DETROIT — Despite major incentives on many domestic autos, total domestic car sales plunged 38.3% in mid-September, compared to the same period a year ago, the seven auto manufacturers reported Wednesday.
The newest incentive programs initiated by the Big Three auto companies include financing rates as low as 1.9% on two-year car loans. Automotive analysts agree, however, that the new low financing rates and rebate programs have failed to generate much excitement among consumers.
"It's got to be pretty unanimous that sales are disappointing," said John Hammond, an automotive analyst with J. D. Power & Associates. The expiration of the incentives "will still leave domestic manufacturers with unusual amounts of 1987 carry-over models going into the 1988 model year. . . . This creates the need for the manufacturers to re-examine (their) production schedules for the fourth quarter."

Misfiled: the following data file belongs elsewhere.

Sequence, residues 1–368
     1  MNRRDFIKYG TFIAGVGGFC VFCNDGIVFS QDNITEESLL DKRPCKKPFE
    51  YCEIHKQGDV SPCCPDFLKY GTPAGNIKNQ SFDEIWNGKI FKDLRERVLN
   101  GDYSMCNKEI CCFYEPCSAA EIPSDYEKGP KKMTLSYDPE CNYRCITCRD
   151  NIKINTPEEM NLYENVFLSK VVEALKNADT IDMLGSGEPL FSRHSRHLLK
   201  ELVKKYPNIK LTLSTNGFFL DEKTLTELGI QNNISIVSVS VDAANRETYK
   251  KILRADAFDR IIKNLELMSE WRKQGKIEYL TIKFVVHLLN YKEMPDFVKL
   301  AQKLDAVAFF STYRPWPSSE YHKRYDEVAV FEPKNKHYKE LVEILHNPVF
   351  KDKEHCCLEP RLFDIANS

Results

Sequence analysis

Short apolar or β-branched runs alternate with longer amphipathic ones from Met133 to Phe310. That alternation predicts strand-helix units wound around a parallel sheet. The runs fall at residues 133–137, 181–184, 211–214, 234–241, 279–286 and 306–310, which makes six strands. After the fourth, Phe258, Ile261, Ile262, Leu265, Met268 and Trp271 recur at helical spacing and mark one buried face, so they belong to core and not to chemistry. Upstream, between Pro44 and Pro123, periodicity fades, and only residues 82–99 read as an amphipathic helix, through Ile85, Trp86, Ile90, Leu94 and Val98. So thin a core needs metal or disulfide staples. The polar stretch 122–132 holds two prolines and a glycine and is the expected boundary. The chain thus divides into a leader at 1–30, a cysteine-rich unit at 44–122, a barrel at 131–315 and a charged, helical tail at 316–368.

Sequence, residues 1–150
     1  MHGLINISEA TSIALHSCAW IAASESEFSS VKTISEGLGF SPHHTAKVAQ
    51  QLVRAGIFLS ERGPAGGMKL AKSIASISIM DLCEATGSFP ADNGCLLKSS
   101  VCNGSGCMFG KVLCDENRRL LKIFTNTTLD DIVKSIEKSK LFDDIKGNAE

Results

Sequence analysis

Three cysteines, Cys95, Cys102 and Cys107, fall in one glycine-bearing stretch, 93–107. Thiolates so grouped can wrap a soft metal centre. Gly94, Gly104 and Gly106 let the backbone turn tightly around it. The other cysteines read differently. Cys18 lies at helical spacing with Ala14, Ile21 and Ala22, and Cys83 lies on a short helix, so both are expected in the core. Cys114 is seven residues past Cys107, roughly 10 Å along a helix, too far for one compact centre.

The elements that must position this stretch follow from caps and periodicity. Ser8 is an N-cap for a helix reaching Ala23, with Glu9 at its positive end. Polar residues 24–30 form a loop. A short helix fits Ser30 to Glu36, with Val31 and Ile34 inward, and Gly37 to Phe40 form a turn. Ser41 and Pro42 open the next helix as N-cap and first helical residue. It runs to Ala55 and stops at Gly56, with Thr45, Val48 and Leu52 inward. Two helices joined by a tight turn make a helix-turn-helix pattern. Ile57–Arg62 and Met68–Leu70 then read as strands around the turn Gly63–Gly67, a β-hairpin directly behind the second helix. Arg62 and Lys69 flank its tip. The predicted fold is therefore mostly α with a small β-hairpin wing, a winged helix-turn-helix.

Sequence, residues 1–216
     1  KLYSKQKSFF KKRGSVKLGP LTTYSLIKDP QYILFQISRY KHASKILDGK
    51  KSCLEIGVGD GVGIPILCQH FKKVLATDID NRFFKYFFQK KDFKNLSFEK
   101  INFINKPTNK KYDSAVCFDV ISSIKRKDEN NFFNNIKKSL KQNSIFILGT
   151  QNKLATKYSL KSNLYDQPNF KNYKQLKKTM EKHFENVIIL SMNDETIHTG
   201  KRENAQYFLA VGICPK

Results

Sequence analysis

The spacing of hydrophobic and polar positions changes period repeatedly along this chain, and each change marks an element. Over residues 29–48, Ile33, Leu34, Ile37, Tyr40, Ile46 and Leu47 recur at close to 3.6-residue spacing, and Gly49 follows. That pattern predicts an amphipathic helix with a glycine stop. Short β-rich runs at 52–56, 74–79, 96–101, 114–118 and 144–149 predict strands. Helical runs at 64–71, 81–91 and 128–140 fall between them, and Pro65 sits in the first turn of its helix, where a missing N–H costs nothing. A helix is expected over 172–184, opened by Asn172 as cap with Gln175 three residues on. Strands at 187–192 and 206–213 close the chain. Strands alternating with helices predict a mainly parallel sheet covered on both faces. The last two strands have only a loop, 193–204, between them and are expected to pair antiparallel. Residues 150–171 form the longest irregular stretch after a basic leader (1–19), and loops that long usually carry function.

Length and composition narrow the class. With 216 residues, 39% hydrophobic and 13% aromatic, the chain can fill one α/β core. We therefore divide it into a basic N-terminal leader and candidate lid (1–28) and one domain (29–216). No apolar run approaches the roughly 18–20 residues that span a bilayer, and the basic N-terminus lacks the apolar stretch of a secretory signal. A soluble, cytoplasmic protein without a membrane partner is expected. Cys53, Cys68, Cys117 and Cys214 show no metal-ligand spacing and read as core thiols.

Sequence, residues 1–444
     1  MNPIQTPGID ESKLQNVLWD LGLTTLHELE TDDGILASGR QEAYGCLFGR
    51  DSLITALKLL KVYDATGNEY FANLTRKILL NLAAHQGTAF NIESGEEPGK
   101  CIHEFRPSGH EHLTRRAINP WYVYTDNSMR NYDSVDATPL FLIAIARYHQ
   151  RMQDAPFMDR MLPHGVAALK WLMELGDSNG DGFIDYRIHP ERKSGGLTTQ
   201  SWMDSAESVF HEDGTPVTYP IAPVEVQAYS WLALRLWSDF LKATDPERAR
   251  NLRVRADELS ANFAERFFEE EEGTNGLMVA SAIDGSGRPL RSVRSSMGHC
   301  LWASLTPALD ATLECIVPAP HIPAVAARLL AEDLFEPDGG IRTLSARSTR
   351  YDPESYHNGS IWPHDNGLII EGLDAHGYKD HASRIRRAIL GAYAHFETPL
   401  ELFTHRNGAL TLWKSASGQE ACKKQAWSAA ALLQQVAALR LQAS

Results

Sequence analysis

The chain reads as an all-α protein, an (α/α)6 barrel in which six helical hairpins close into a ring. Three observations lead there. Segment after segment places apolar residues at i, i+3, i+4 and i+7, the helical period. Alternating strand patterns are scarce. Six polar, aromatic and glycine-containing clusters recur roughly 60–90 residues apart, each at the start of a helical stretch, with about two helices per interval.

Hammond speculated that sales would pick up slightly in the final 10 days of September, just before incentives are scheduled to expire on Ford and General Motors vehicles. He added, however, that the expected surge will "not be enough to offset the dreary performance of the last month."